New laws aim to separate trash from bears |

New laws aim to separate trash from bears

Cliff Thompson
Special to the Daily After a busy summer, new trash laws have been passed in Beaver Creek and Bachelor Gulch in an attempt to keep bears out of homes and away from people.

BEAVER CREEK – If you’re looking for some warm fuzziness to temper the bad news from what has been a deadly season for bears in Beaver Creek and Bachelor Gulch, it may arrive later this month wrapped in government-speak and codified by the rap of a gavel.The Bachelor Gulch and Beaver Creek homeowners associations have passed a new ordinance mandating bear-proof trash containers in the areas where bears are common. One “problem bear” was killed by wildlife officers earlier this summer, a second was shot by a homeowner when he said it became aggressive, and a third was trapped and tagged for identification for possible destruction if it continues to become a problem.Three things have conspired to add to the numbers of “problem bears”: The lack of natural forage, courtesy of a late frost; intense development in bear habitat; and human nonchalance about garbage that has encouraged the bears to become dependent on trash.Aggravating the situation is the bears’ need to feed in the fall to fatten themselves for their five- to six-month hibernation. They can eat up to 20,000 calories a day from late August until they hibernate in late October or early November. That’s the equivalent of 70 Snickers bars a day.

But when the bears awaken in late April or early May, they may have to return to nature for their meals. A new law in Beaver Creek and Bachelor Gulch mandates the garbage bears have been depending be kept in armored, bear-proof containers.Still, there’s another issue that wildlife and security officials fear will take some time to resolve. Bears that have fattened themselves over the years on human garbage have learned to depend on that food source and have taught their young to do the same thing. It may take some time to convince them otherwise. The trash new ordinance will require humans to modify their behavior, too. If they don’t use bear proof containers they’ll face some hefty fines, said Jim Funk of Beaver Creek Security.Big bucks for bears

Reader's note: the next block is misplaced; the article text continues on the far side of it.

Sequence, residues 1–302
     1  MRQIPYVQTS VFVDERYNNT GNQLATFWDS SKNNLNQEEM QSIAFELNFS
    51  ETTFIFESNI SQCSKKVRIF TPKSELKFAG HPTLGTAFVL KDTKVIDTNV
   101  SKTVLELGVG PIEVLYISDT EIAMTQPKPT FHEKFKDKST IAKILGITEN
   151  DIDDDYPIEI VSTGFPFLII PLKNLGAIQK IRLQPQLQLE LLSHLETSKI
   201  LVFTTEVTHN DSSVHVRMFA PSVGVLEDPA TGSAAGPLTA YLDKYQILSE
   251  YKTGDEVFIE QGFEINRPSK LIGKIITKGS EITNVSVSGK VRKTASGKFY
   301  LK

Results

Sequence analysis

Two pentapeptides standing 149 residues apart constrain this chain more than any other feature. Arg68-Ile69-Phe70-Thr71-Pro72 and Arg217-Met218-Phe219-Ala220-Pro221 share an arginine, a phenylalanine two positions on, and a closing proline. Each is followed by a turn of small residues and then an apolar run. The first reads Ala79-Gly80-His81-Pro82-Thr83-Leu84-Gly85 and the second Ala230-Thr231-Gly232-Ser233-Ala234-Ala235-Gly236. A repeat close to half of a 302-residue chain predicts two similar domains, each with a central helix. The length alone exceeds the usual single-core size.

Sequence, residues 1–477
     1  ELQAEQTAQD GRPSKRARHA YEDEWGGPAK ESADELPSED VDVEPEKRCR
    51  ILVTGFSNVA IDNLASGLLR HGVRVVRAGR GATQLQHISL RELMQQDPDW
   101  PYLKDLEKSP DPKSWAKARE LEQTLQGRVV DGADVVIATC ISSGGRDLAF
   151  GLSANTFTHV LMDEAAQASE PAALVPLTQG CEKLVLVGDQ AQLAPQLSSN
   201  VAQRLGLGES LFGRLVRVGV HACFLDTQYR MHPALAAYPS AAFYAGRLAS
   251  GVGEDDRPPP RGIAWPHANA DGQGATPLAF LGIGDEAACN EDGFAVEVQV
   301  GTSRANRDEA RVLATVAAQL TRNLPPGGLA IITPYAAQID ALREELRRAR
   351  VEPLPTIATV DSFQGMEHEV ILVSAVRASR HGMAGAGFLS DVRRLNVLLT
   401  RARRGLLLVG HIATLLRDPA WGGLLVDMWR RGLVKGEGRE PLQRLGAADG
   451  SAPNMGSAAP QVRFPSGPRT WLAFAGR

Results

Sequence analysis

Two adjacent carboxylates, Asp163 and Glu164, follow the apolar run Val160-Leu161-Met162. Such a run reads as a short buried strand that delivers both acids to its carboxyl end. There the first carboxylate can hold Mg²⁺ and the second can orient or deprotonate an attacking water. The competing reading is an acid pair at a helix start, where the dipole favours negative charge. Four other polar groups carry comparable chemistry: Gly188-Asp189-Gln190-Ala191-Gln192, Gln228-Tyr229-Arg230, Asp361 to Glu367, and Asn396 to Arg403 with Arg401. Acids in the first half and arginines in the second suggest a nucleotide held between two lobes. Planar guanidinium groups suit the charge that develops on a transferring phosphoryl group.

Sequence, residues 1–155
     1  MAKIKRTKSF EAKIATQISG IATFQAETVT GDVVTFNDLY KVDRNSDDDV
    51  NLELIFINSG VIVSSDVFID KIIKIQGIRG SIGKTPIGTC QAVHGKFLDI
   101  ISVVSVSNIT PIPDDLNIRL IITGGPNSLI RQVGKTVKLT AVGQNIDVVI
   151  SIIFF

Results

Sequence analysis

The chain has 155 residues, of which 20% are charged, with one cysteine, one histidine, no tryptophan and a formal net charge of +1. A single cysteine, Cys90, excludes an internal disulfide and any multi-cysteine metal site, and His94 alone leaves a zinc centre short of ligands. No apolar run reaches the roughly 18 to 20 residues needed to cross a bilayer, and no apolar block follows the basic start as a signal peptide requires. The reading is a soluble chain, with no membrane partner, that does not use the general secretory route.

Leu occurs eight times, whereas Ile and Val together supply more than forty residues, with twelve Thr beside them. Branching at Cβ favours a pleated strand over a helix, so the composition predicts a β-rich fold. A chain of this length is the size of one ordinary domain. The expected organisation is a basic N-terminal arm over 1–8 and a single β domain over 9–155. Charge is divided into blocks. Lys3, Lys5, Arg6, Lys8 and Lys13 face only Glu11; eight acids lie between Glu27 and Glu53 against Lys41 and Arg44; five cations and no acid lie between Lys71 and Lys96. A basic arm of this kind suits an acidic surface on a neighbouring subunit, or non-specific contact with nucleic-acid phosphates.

In Beaver Creek, the first offense will garner a warning and subsequent offenses will carry fines starting at $500 per occurrence and escalating up to $1,000. In Bachelor Gulch and Arrowhead new, stiffer regulations carrying larger fines are in the works, said Bill Simmons, director of village operations for Beaver Creek, Arrowhead and Bachelor Gulch.Some existing trash containers can be made bear-proof for about $95, Funk said”Most citizens, once they understand the rules, will follow them,” Funk said. “But there’s that small percentage who feel the rules don’t apply to them.”Prior to the ordinances being adopted, Funk said, the resort and waste-haulers have voluntarily installed bear-proof trash containers and are arranging for trash to be picked up twice a week to limit the opportunity for bears to feed.

“Open loading docks provide bears a 24-7 feeding point,” Funk said, adding that this year’s experience with bears was “unacceptable.”Because of the lack of forage this year there have been close bear-human encounters all over the High Country that have kept law enforcement and wildlife officials hopping. But to date, there have been no humans injured by bears in Eagle County.Staff Writer Cliff Thompson can be reached at 949-0555, ext. 450, or cthompson@vaildaily.comVail, Colorado

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